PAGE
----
WW3 fears SOAR as Taiwan admits ‘we cannot rule out possibility’ of war with China

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Joseph Wu has accused China of “expansionism” and warned the risk of conflict in the region is “higher than before”. Speaking to ABC TV’s The World, he said Taiwan is “feeling the heat” from their neighbour.

Mr Wu told the broadcaster “we cannot rule out that possibility” when asked if the potential for war lay ahead.

He said: “Of course, I cannot predict that the war is going to take place next year or the year after, things like that.

“But if you look at the preparation on the Chinese side, we have to be very concerned about the real prospect of China launching a military attack against Taiwan.

“And as a decision maker I can tell you that we are looking at it with no light heart.”

China views Taiwan as a breakaway province that will form part of the country again in the future.

But many citizens of Taiwan see themselves as Taiwanese, separate from the Chinese.

Mr Wu said the likes of Japan, Australia, India and the US can work to prevent China’s expansionism.

The US has taken a hardline stance against China which led to multibillion dollar arms deals with Taiwan.

This led to a furious response from Chinese president Xi Jinping.

He told troops at a military base to “put all [their] minds and energy on preparing for war”.

Last month, US marines trained in Taiwan for the first time since 1979.

Zhao Lijian, China’s foreign ministry spokesman, has said the country “firmly opposes and strongly condemns” the US arms sale.

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On Monday, Chinese Foreign Ministry spokesperson Hua Chunying reiterated this.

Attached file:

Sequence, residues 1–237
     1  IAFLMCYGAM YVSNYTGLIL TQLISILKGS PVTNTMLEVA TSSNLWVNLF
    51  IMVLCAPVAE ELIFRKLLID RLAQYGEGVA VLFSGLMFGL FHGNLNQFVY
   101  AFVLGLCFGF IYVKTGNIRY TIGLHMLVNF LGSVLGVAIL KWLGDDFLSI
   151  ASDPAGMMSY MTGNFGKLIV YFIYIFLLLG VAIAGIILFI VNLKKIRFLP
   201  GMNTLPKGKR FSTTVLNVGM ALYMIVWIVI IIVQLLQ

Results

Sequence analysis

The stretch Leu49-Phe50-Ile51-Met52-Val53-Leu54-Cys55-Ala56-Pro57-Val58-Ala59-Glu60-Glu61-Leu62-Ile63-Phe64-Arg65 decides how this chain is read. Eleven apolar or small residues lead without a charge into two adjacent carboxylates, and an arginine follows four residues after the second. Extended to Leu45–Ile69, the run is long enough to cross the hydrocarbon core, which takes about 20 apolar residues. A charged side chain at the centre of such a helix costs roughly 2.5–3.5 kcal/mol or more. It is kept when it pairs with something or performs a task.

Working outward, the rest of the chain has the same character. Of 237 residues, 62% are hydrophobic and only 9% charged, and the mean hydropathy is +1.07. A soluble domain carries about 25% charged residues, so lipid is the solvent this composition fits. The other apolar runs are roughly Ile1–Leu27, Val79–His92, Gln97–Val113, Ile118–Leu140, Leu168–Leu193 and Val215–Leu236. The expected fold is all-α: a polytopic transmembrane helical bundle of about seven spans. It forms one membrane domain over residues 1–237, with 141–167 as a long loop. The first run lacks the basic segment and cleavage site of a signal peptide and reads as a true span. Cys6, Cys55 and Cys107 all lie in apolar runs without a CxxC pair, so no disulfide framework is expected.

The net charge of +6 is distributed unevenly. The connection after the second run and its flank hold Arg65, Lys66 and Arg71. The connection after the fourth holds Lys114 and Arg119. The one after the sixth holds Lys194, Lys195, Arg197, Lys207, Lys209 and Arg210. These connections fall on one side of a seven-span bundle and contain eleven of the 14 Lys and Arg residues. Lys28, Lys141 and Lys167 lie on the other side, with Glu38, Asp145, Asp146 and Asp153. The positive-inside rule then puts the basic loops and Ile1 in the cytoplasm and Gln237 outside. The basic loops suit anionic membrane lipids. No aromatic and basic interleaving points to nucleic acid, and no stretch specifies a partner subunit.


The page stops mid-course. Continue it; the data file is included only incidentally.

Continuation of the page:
She said: “China will resolutely fight back against all attempts that undermine China’s core interests and interfere in China’s internal affairs.”

Australia and China’s relationship also appears to be deteriorating as Beijing imposed new tariffs on Australian products.

Mr Zhao also shared a fake image on Twitter of an Australian soldier appearing to cut the throat of an Afghan child.

China refused to apologise for sharing the graphic image in response to alleged war crimes by Australian troops.

Australian Prime Minister Scott Morrison demanded an apology, describing the Tweet as “repugnant”.

But China dismissed it as an attempt to assign blame “for the worsening of bilateral ties” and possibly “attempt to stoke domestic nationalism”.

Robert O’Brien, the US national security adviser, has said China will face “backlash” from “the entire world if they attempted to use military force to coerce Taiwan”.

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